Brush Busters in now ONLINE!

AgriLife Logo

 

Click here for a self-paced, online, take anywhere, CEU course on Brush Busters Rangeland Herbicide Applications!

This course is all inclusive covering equipment, nozzles, surfactants, sprayers, target species, resources, and much more!

 

Fighting Fire with Fire: Rx Fire Toolbox to Combat Identified Social Barriers

Interested in attending our online webinar on July 27, 2020 at 9:00 AM showcasing the research findings from Texas A&M University Dr. Urs Kreuter’s Joint Fire Science Program project:

“Fighting Wildfire with Prescribed Burning in the Southern Great Plains: Social and Regulatory Barriers and Facilitators” (funded by the Bureau of Land Management Joint Fire Science Program (Contract #L16AC00206))??

Please register HERE!

Range Concepts – Ground Broadcast Herbicide Applications UTV Boom Sprayers

AgriLife Logo

Check out this week’s new Range Concepts video!

Broadcast Herbicide Applications Handout

Range Concepts – Ecological Site Descriptions and State & Transition Models

AgriLife Logo

Check out this week’s Range Concepts video on Ecological Site Descriptions and State and Transition Models!

And, don’t forget the ESD STM Handout!

ERM-1466 “Chemical Weed and Brush Control Reference Guide for Rangeland”

AgriLife Logo

ERM-1466 “Chemical Weed and Brush Control Reference Guide has been updated to include MezaVue and other new herbicides!

Check it out here!

Range Concepts – Texas Ecosystem Analytical Mapper and Seed Mix Map

AgriLife Logo

This week’s Range Concepts dives into the Texas Ecosystem Analytical Mapper (TEAM) from Texas Parks and Wildlife.  TEAM is an easy-to-use FREE resource that includes soil mapping, plant community descriptions, threatened and endangered species, and much more!

The Seed Mix Map from Caesar Kleberg Wildlife Research Institute displays a FREE custom seed mix for an identified area defined by soil type within each ecoregion.

Both of these tools can be synergistically used together to build reseeding recommendations for disturbed rangelands, or for enhanced understanding of rangeland soils and plant communities!

Handout: Texas Ecosystem Analytical Mapper and Seed Mix Map

YouTube Tutorial Video: https://youtu.be/Nd_K7zbr0kg

 

Range Concepts – Plant Identification

Check out this week’s Range Concepts:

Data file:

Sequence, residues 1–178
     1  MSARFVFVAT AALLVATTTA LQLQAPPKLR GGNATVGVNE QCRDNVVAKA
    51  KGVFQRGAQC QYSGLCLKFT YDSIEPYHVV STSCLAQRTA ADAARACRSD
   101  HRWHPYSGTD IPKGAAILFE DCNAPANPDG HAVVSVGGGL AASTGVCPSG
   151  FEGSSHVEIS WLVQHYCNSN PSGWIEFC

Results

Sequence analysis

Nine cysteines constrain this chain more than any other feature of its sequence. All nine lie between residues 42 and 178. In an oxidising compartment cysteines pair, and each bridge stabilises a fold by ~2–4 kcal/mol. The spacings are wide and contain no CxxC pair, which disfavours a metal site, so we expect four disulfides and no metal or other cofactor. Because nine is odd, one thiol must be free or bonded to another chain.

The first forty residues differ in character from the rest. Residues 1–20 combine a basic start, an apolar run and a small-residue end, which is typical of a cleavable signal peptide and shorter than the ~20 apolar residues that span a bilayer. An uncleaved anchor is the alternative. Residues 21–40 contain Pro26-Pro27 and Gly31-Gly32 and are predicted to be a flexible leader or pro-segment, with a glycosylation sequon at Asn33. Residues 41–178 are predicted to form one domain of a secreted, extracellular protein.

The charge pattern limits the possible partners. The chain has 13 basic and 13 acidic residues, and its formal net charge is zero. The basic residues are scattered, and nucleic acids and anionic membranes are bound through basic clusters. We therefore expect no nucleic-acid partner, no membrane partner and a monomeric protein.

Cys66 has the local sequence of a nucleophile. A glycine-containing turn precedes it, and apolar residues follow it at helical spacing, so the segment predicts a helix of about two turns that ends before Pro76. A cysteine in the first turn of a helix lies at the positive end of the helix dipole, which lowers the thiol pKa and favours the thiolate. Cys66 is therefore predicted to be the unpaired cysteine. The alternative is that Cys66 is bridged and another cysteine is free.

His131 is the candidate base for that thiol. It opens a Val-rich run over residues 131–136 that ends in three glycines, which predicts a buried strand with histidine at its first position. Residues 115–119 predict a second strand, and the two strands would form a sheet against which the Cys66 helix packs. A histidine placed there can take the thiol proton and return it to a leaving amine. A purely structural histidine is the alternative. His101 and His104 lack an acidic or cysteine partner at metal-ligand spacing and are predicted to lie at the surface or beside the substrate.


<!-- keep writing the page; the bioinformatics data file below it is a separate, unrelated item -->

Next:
Handout

 

Range Concepts – Web Soil Survey

Check out our new YouTube Channel featuring videos and handouts dedicated to increasing County Extension Agent knowledge and enhancing landowner’s understanding of tools, resources, techniques, and strategies on rangelands!

Our latest post features application and utility of Web Soil Survey, an online free resource for understanding soil mapping and tools.  Nearly all farmers, ranchers, and forest landowners across the country rely on one common resource for production: their soil. If you’re interested in learning more about this medium that grows our nation’s food, fuel, and fiber, here is a advantageous tool to help!  Get the Web Soil Survey Handout here and watch the YouTube video here!

Range Concepts – Rangeland Analysis Platform

Check out our new YouTube Channel featuring videos and handouts dedicated to increasing County Extension Agent knowledge and enhancing landowner’s understanding of tools, resources, techniques, and strategies on rangelands!

Our latest post features application and utility of Rangeland Analysis Platform, an online free resources for understanding trends in vegetative cover on rangelands.  Get the Rangeland Analysis Platform Handout here and watch the YouTube video here!

Thinking like a grassland…means thinking BIG!

AgriLife Logo

Thinking like a grassland.

What does this mean to you?

Well, to Dr. David Augustine from the USDA-ARS Station in Fort Collins, CO and others, it means large-scale movement of many species.  This large-scale movement enables the Great Plains evolved strategies to contend with drought, floods, and even wildfires…in a nutshell….extreme variability in weather resulting in low forage production.

Currently, our pattern of land ownership and use of Great Plains grasslands challenges native species conservation.   For example, too much management is focused at the scale of individual pastures or ranches, limiting opportunities to conserve landscape-scale processes such as fire, animal movement, and metapopulation dynamics.

“Figure 1. Potential natural vegetation of US portion of the North American Great Plains, adapted from Kuchler (1964).”

 

“Estimated extent of 5 major ecoregions of the US Great Plains, subdivided into 14 vegetation communities as mapped by Kuchler (1964; see Fig. 1). For each community, we present the estimated percent of the landscape in each of 10 land cover types based on an integration of cropland data layers (2011e2017) with the 2011 National Land Cover Database.”

 

Opportunities to increase the scale of grassland management include:

  1. Spatial prioritization of grassland restoration and reintroduction of grazing and fire.
  2. Finding creative approaches to increase the spatial scale at which fire and grazing can be applied to address watershed to landscape-scale objectives.
  3. Developing partnerships among government agencies, landowners, businesses, and conservation organizations that enhance cross-jurisdiction management and address biodiversity conservation in grassland landscapes, rather than pastures.

Thinking like a grassland should be pretty easy for us range managers…open spaces, big country, and…thinking big!!

For an in-depth view of “Thinking Like a Grassland: Challenges and Opportunities for
Biodiversity Conservation in the Great Plains of North America”, click on this link: Thinking like a grassland Augustine et al., 2020 REM.